Amateurs study tactics. Professionals study logistics.
Some folks have their underwear all up in a bunch over Pat Buchanan calling President Obama a "boy," and the dual foot in mouth moment in which Representative Doug Lamborn called B-Rock a "tar baby."
Let's take a moment to exhale folks. And perhaps it is because I accept the utter disrespect that the Right and the Tea Party GOP hold for President Obama (they might as well just call him THE word that runs through their collective imagination every time he comes on TV), but many of us just need to slow down.
This is all chaff. Moreover, and lightning will strike me for suggesting the following, but Uncle Pat is Uncle Pat, and his mouth utterance was just one more example of feigned brotherly familiarity with Al Sharpton. Doubling down, Representative Lamborn chose a perfect analogy to describe the
To digress, I would have greatly preferred if President Obama were a Br'er Rabbit. Alas. We cannot always get what we want.
I would suggest that our collective attention should primarily be focused on the disaster capitalism and shock doctrine policies of the Tea Party GOP, and the planned destruction their debt ceiling win will bring to the country's economy. But, if we are going to do some critical analysis let's look to something more prescient and wise, with some real explanatory power and teeth for locating the Tea Party faction in the proper historical and political moment.
Salon has a great essay from Michael Lind who simply mercs the Tea Party by combining a great interpretation of history with a compelling argument about their inherent racist bonafides (there is a dissenting argument here which is also worth considering). The Tea Party are neo-Secessionists. We/Us/You here at WARN have sounded that alarm before. It is nice to see that folks are picking up on what is in the ether, hiding in plain sight.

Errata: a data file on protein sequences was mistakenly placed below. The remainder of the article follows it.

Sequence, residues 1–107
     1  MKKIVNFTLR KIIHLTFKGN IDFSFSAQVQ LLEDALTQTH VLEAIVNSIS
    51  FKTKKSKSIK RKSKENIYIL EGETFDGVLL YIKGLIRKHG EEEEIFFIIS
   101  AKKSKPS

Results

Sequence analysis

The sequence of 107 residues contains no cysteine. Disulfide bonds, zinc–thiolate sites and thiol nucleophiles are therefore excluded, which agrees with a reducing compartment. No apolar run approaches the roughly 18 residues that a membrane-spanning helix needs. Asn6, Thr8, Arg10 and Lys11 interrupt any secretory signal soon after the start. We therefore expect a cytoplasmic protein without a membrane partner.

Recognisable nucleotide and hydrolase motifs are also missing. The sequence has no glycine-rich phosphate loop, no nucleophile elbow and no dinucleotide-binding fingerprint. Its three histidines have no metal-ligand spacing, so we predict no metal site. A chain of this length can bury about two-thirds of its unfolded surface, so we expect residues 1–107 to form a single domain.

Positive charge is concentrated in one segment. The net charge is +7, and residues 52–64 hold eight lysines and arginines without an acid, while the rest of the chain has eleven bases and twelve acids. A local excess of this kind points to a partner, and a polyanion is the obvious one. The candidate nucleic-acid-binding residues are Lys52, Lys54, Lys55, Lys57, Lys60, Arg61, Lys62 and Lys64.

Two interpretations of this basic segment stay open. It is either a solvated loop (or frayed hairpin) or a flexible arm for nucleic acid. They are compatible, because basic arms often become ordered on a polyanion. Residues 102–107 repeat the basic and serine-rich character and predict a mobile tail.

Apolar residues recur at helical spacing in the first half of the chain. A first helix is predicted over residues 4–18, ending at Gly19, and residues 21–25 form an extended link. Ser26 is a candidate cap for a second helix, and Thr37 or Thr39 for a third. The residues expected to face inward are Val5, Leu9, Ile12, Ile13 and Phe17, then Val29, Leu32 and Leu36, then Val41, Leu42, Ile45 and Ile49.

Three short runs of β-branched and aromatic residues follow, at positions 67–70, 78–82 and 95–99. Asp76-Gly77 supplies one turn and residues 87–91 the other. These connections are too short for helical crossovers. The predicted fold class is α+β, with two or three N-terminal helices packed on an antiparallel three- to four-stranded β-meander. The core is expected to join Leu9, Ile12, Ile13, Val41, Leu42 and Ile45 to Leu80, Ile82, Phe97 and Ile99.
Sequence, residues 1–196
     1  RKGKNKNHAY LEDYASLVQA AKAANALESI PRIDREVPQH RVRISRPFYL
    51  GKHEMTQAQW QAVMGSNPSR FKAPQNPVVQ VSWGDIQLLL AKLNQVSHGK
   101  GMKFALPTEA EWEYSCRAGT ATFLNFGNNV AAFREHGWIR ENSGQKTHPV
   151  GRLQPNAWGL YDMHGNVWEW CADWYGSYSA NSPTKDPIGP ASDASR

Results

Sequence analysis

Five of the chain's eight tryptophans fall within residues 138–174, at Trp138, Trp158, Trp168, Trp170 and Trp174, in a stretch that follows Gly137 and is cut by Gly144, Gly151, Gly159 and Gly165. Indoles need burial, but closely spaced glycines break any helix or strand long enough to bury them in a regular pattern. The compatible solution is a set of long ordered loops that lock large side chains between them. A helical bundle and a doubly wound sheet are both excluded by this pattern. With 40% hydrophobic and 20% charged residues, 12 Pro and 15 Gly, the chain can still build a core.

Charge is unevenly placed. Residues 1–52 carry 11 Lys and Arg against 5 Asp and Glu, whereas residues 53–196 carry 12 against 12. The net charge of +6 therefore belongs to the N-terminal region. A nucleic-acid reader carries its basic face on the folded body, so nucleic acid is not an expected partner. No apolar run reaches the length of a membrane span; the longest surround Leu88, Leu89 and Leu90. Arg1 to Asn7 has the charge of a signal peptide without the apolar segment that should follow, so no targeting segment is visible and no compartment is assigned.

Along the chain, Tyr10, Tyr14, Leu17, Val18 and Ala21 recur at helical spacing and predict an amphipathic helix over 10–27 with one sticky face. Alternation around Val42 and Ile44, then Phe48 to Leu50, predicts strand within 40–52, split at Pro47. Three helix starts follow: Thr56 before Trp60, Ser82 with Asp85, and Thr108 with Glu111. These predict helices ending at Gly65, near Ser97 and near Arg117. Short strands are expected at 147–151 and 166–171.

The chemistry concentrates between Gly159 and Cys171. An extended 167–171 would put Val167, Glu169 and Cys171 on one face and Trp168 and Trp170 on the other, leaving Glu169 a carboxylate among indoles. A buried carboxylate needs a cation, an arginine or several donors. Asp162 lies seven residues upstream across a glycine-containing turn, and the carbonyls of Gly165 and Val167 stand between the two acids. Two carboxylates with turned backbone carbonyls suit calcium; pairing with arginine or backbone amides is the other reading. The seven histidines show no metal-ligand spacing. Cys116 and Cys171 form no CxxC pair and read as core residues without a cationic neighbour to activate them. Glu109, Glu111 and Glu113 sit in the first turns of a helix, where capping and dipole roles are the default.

The most telling passage from "The Tea Party, the Debt Ceiling, and White Southern Extremism" is the following:
In light of this recent history, it is clear that the origins of the debt ceiling crisis are to be sought, not in generic American conservatism, but in idiosyncratic Southern conservatism. The goal, the methods and the passion of the Tea Party in the House are all characteristic of the radical Southern right.I couldn't have said it better myself. Your thoughts?
From the earliest years of the American republic, white Southern conservatives when they have lost elections and found themselves in the political minority have sought to extort concession from national majorities by paralyzing or threatening to destroy the United States.
The Kentucky and Virginia Resolutions of 1798 and 1799 asserted the alleged right of states to "nullify" any federal law that state lawmakers considered unconstitutional. This obstructionist mentality led to the Nullification Crisis of 1832, when South Carolina refused to enforce federal tariffs. Civil War was averted only when President Andrew Jackson, a Southerner himself, forced the nullifiers to back down.
In 1820 and 1850 the South used the threat of secession to force the rest of the United States to appease it on the slavery issue. In 1861, the South tried to destroy the United States, rather than accept a legitimately elected president, Abraham Lincoln, whom it did not control.
Following defeat in the Civil War, the former Confederate states regrouped as "the Solid South," a one-party region, first Democratic and now Republican, that has tended to vote as a bloc in national affairs. The South sought to block the federal civil rights revolution by a policy of "massive resistance" to court orders ordering racial integration. Some Southern states went so far as to try to abolish their public school systems rather than integrate them. It is hard to avoid seeing a link between this racist rationale for privatization and modern conservative plans to scale back Social Security, Medicare and Medicaid, relied on disproportionately by black and brown Americans and low-income whites, while increasing taxpayer subsidies to private retirement and healthcare accounts enjoyed mostly by affluent whites.